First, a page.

What are the consequences of domestic violence charges?
Because domestic violence charges are taken so seriously in New Mexico, the associated punishments are severe — especially in cases where bodily injury results.
Charges may be prosecuted as anything from a petty misdemeanor up to a third-degree felony.
Even the least serious domestic violence conviction (a petty misdemeanor) can result in up to six months in jail and a fine of up to $500.
Other potential criminal penalties under New Mexico laws include the following:
- A misdemeanor charge: up to a one-year jail sentence and a fine of up to $1,000
- A fourth-degree felony: up to 18 months in prison and a fine of up to $5,000
- A third-degree felony: up to three years in prison and a fine of up to $5,000
There are other possible consequences of a domestic violence conviction. For instance, offenders may be required to attend mandatory counseling. Repeat offenders can expect their charge(s) to be escalated, which will result in harsher consequences.
Even before the court hearing to determine guilt, a person accused of domestic violence can face an emergency court-issued order of protection initiated by a household member who has allegedly experienced domestic violence. In such cases, a law enforcement officer can ask the judge to issue the emergency order for 72 hours — and a further hearing will determine whether the protection order should be extended (the defendant may be present to defend against this order).
In situations where children are deemed to be at risk, the consequences can become even more severe for those accused of domestic violence. Losing temporary custody of the child and a ban from going to the primary residence of the child or speaking to the other parent is possible.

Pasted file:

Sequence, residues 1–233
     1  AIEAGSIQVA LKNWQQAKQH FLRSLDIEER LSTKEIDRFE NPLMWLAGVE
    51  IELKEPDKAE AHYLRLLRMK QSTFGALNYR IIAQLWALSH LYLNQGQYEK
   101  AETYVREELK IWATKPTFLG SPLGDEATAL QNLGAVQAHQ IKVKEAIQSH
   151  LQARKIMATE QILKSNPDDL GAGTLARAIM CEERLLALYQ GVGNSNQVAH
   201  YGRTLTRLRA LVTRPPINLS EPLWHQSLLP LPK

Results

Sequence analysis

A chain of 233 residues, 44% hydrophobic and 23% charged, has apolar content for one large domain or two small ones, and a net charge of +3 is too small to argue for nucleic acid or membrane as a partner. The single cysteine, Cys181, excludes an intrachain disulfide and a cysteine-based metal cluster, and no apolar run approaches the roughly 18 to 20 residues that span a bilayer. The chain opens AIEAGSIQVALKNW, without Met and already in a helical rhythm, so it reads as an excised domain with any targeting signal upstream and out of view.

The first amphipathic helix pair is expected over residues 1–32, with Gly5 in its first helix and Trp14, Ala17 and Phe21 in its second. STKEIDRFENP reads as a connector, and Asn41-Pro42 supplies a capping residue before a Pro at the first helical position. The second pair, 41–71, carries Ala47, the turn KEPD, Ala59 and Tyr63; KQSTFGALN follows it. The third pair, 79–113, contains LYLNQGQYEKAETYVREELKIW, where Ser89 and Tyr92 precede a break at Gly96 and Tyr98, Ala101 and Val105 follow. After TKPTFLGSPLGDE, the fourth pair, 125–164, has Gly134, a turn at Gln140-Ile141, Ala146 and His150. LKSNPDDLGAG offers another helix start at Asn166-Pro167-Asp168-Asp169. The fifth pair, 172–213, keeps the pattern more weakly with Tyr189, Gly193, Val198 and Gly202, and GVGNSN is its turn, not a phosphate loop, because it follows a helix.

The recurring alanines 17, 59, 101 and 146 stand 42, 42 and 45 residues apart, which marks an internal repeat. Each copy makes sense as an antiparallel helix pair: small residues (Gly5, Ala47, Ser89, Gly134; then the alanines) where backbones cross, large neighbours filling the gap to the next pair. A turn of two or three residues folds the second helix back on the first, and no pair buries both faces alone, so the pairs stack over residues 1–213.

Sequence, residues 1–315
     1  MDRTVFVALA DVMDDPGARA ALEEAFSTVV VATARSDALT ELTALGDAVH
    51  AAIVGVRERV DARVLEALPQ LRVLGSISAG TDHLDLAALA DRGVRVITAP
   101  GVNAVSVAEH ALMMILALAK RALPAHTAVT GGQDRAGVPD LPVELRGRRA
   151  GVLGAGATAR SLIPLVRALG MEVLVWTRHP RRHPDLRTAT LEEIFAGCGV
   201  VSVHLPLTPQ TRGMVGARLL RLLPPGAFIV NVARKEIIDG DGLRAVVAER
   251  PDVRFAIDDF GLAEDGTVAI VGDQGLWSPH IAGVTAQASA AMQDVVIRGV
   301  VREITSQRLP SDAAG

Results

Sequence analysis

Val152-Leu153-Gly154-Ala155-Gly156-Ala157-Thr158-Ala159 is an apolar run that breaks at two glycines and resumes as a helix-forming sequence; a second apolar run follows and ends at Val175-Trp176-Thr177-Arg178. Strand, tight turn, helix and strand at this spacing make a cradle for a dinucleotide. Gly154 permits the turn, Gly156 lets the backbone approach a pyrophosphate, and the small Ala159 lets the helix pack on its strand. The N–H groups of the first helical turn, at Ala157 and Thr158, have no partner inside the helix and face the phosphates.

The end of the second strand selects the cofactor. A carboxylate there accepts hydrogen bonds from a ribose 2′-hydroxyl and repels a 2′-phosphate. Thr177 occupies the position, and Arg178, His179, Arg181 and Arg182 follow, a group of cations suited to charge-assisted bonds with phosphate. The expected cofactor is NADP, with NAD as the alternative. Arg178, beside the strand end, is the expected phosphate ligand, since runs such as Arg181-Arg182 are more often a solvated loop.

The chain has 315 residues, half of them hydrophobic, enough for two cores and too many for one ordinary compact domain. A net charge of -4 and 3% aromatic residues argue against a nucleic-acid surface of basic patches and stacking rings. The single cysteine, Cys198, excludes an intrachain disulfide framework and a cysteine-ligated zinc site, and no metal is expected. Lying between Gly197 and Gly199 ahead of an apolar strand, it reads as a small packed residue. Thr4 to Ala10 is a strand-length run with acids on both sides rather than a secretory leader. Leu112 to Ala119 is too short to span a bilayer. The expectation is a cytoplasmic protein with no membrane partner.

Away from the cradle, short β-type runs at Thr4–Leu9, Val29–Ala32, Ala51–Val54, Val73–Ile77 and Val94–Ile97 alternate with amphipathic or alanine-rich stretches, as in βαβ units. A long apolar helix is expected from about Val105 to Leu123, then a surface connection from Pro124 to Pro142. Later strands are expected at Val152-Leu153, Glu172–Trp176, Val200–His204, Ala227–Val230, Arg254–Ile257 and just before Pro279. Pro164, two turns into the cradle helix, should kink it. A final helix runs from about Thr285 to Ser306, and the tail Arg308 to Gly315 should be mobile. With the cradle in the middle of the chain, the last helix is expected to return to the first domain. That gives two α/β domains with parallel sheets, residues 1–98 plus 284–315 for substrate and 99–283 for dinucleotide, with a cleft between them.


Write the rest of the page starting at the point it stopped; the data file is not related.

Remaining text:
In addition to the above, a conviction for domestic violence could also potentially lead to the following long-term consequences:
- A permanent criminal record, which could impact many areas of your life
- A ban on owning or possessing a firearm
- A restriction on where you live
- A threat to job security
- Difficulties in getting a student loan
- Travel restrictions
- Removal of custody or parenting rights
Can domestic violence affect a divorce in New Mexico?
Domestic violence charges are often filed during relationship breakups and divorces. An arrest or conviction can affect proceedings when it comes to child custody, visitation arrangements, and other divorce-related matters.
In the most extreme cases, the court may order that a parent should be kept away from the children because of a domestic violence conviction and the threat of further violence. If custody, unsupervised visits or even supervised visits are deemed not to be in the best interests of the children, this parental right can be removed temporarily or permanently by the court.
Domestic violence can also contribute to an allegation of cruel and inhumane treatment or incompatibility, which are grounds for divorce in New Mexico.
However, a parent’s responsibility to provide financially for his/her children remains until the child turns 18 at least in New Mexico. So, a parent convicted of domestic violence must still pay child support as ordered by the court.
Contact Us Now
If you are a victim of domestic violence, the time to act is now. Before contacting an attorney to discuss your next steps, be sure that you are in a safe place and your contact will not lead to future lashing out from your partner. During your initial consultation with us, we will identify the quickest and most important steps to take to get yourself in a safe place where you will be able to work on finding a long-term and permanent solution for this situation. Your safety, and the safety of your children, is the most important aspect of this entire situation, and you can focus on safety with the confidence that a family lawyer is focusing on your legal options.